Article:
Monday, March 14, 2011
"The Stories Of John Cheever"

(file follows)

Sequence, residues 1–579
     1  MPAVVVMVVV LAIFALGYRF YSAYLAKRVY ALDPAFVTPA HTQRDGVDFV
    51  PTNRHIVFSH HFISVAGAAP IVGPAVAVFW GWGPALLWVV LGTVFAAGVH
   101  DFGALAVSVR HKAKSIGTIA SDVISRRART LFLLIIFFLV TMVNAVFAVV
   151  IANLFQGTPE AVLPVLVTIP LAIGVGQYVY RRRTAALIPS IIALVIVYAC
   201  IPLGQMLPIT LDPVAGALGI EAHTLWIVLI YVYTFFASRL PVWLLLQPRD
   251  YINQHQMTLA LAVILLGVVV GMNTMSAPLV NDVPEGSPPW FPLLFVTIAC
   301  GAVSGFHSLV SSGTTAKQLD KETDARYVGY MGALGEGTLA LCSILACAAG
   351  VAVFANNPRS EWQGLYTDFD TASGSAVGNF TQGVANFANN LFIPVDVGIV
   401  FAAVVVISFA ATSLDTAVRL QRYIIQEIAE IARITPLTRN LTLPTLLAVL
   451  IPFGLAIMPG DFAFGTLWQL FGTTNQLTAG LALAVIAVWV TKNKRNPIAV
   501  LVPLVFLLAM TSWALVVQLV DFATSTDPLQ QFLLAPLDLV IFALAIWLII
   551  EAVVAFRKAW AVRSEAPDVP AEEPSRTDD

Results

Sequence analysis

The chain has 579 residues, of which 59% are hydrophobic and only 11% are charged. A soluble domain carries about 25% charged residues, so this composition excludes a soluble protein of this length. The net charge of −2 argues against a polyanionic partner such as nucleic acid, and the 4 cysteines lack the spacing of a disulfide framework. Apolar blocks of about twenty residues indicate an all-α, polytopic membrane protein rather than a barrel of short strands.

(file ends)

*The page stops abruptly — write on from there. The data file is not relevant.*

I have finally finished the very long and detailed book "Cheever a Life" by Blake Bailey. Phew! 770 pages of elegantly written literary history about a man that was as talented as he was tortured. I loved this book and the man it attempted to make me understand, but like the book itself Cheever was difficult and complicated, but in the end brilliant. Bailey details the dismal poverty John Cheever was born into, his dysfunctional family and marriage, and his covert homosexuality. He lived a fascinating life full of travel, literary rivalry and alcohol fueled depression. He had complicated relationships with almost everyone around him, editors, young writers (whom he bullied into giving him sexual favors), and sadly his own children. Despite Bailey's in depth account I didn't really get a true sense of Cheevers actual writing, his craft, his story telling. There were short passages quoted and analyzed, but I finished this book not really understanding why he was such a big deal. I then picked up a copy of "The Stories of John Cheever" and after just one page, truly after just one paragraph, I got it. He understood people and their flaws. Flaws that made them unique and flaws that made them exactly like everyone else. He wrote knowingly about the human condition, how men and women inhabit their lives, marriages, jobs and social circles. He revealed each person as an individual and as a cog in a tragically predictable world. He wrote of lonely men and disappointed housewives, of idleness and toil. He conveyed mood and desperation better then anything I have ever read. These are the stomping grounds of the original "Mad Men". He gave the people he wrote about real lives however mundane, and could end a story abruptly with a crazy tragic twist that sometimes didn't seem to fit, but you could hardly mind because you were taken there with such beautiful melancholy ease. After 770 pages dedicated to unraveling the complicated life of this very complicated man, I finally began to better understand John Cheever through his own superior words.